fig salad

Figs, rocket and ‘xinotyri’ salad

When in Naxos we have more figs than we can handle. Just two fig trees produce such quantities than we do not even have to stretch more than where our arms reach to collect whole baskets. We feel somehow obliged not to waste such glorious fruits and we try to come up with new ways to prepare and preserve them. Two years ago we decided to use them for chutney. I do not remember with how many kilos of dubious fig chutney we ended up. This year we continued to explore. We wanted to combine with other local ingredients. Potatoes, fish and protocyladic art were opted out… but honey and xinotyri    – the local variety of goat cheese – were a hit! We adapted the following salad from Ottolenghi’s ‘The Cookbook’. Serves 4 600g figs ( approximately 8 large figs), washed and cut into quarters 200g xinotyri from Naxos ( or any goat’s cheese of your liking), cut into large chunks 100g rocket leaves (preferably wild) handful of basil leaves 2 Tbsp thyme honey …

eggplants with tomato sauce and feta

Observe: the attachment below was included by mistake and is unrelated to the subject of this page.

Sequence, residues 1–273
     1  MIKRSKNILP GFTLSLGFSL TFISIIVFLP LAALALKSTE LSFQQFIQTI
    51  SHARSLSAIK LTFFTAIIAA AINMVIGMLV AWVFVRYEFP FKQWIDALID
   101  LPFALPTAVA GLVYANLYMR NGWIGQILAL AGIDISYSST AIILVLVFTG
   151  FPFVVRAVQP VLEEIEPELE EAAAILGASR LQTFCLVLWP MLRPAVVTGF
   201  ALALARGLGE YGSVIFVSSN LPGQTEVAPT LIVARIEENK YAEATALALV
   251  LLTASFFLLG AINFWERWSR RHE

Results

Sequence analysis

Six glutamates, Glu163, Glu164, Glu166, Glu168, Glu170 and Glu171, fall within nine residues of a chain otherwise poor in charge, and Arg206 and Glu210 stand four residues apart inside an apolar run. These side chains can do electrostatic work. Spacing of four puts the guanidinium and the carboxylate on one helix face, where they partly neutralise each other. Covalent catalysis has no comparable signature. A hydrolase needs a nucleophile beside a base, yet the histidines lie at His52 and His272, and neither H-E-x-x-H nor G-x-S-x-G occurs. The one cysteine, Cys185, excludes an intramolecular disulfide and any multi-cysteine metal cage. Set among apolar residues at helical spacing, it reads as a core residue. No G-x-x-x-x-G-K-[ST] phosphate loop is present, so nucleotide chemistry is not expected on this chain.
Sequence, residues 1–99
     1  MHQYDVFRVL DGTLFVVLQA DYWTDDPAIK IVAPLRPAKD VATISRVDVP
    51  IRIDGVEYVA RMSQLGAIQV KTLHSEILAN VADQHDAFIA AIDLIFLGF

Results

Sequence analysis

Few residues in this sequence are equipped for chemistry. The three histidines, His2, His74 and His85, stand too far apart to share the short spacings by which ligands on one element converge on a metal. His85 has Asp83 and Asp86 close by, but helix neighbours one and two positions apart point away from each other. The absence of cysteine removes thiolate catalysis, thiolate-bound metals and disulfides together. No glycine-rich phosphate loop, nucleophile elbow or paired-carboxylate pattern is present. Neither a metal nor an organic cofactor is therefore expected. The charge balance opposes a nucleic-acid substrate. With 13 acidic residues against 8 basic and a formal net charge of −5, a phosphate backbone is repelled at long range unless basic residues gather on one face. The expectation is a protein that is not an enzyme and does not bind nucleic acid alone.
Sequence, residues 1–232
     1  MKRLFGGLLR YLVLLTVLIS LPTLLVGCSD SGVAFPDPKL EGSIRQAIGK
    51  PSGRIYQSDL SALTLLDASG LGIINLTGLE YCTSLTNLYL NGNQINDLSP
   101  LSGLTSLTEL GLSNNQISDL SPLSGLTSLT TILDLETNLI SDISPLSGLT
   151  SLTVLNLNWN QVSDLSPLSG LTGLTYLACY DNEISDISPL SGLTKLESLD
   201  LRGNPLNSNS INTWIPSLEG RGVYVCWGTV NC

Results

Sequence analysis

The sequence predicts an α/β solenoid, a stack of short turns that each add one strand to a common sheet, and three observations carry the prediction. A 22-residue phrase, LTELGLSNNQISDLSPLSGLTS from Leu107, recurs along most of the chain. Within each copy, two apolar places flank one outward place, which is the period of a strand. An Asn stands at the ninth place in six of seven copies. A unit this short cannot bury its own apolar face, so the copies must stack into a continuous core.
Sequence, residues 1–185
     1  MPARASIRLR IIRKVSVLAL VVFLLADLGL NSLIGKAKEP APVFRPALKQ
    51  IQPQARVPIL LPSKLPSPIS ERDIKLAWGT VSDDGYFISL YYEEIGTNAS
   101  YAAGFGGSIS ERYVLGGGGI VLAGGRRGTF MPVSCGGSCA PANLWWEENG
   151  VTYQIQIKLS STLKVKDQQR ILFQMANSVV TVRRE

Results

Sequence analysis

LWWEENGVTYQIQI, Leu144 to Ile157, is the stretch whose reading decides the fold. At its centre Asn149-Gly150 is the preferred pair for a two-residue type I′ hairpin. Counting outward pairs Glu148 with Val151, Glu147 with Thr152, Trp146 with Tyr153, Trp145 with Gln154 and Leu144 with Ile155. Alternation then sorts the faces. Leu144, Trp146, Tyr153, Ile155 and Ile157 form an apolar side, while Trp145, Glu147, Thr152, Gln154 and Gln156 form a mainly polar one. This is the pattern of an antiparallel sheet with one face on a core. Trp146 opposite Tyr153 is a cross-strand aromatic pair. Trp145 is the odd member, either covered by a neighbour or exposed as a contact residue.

‘Mad apples’ with tomato sauce and feta

Eggplants are a staple food of the Mediterranean summer. At the same time they never got rid of an air of mystery. First, the name. The Greeks call them ‘melintzana’, which is a strange sounding word for such a familiar crop. It is a byzantine combination of the Arab ‘bāḏinjān’ and the Greek ‘melas’ – black. The Italians call it melanzana , which sounds close to  mela insana – ‘mad apple’, echoing the origin of the crop from the toxic nightshade species. Then, the origin of the cultivated specie: is it India, China or SE Asia? Perhaps it was domesticated more than once, reminding us of the debate of origin of the homo sapiens. Did we play for eggplants the role nature played on us on our way out of Africa, combining different evolutionary trails, still not fully understood? Then it is the colour of the black variety, unlikely to anything other fruit: black and shiny, ready for interpretation by an oracle – or like a missed opportunity to inspire an Italian art nouveau movement in the early …